China’s Beijing-Tianjin-Hebei region looks set to be struck by more heavy air pollution in November, the Ministry of Environment Protection has warned.
Cities in the central and southern parts of the region will experience the smog due to combined effects of windless days, high moisture and the temperature inversion layer.
According to the Ministry, the accumulation of PM2.5 pollutants worsened in October compared to the rest of the year, with the moderate to heavy air pollution felt in Handan, Shijiazhuang and Baoding.
Smogs across Chinese urban areas are known to worsen in winter due to largely coal-fired heating systems being activated. This can be exacerbated by unfavourable weather conditions.
The Ministry has sent six inspection teams to launch enforcement operations in cities such as Langfang, Baoding, Tangshan, Handan, and Xingtai of Hebei Province, and verified in the field whether the online monitoring data of some pollution sources under national monitoring programs have failed the emission standards.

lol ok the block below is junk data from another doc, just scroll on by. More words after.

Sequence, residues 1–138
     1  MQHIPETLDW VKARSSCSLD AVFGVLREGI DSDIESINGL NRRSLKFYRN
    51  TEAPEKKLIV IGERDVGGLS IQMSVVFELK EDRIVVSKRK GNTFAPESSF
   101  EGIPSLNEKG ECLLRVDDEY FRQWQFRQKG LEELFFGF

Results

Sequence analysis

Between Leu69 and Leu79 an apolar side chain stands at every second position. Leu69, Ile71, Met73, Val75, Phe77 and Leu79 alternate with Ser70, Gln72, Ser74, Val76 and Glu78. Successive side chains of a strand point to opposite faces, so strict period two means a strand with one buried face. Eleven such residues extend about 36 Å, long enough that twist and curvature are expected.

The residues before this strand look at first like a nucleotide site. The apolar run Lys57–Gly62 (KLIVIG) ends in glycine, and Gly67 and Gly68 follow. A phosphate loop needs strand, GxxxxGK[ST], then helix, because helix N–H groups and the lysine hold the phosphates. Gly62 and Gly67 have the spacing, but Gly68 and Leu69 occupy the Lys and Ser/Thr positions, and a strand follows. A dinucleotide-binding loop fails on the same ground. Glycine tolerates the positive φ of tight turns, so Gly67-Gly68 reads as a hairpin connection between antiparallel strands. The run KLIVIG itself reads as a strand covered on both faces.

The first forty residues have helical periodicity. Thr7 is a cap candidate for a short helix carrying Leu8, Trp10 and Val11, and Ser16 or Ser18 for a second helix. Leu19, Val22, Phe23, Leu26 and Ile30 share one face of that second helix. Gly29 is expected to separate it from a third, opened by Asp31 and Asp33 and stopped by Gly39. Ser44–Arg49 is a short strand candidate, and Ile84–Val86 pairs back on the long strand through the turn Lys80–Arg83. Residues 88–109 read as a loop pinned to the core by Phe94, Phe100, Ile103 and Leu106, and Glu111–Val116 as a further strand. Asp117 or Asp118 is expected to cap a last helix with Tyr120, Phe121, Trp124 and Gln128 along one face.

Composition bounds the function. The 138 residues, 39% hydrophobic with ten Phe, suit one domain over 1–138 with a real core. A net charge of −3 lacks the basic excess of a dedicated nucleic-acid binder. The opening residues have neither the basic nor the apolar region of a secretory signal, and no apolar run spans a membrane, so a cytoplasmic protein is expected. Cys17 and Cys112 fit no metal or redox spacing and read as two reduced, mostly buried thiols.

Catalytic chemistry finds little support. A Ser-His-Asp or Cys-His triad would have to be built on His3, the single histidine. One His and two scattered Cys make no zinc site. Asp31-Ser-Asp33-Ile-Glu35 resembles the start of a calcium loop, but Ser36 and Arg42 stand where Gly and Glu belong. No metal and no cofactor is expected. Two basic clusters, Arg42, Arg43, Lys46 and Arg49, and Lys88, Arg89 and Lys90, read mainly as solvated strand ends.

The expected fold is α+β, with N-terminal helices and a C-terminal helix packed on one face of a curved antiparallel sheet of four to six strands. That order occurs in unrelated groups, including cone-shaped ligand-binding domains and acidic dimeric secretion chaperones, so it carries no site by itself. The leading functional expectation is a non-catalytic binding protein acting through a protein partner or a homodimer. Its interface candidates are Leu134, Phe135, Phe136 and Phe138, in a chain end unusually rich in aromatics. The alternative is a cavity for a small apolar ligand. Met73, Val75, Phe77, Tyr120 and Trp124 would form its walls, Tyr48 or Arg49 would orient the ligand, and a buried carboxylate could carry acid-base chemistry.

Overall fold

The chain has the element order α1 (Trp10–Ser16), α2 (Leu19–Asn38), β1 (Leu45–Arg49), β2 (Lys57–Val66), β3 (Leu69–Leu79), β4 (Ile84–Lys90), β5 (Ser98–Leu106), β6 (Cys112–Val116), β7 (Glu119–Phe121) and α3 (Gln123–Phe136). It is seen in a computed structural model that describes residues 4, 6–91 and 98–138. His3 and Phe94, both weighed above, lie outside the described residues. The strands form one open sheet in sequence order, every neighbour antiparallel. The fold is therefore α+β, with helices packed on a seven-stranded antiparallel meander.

They found that some iron and steel makers and coking companies had ‘prominent problems’ with illegal pollution discharge, with one forging online monitoring data to evade inspections.
In addition, environmental treatment of some industries ‘lagged behind’ according to the Ministry, while incineration of plastics was found in multiple places which led to serious pollution.
The Ministry has called on local environmental protection departments to investigate unregulated emissions, and is keeping ‘a close eye’ on the air quality status in Beijing-Tianjin-Hebei and surrounding areas.
In August last year, a US study paper suggested air pollution kills an average of 4,000 people every day in China – the equivalent of 17% of all fatalities in the country (see airqualitynews.com story).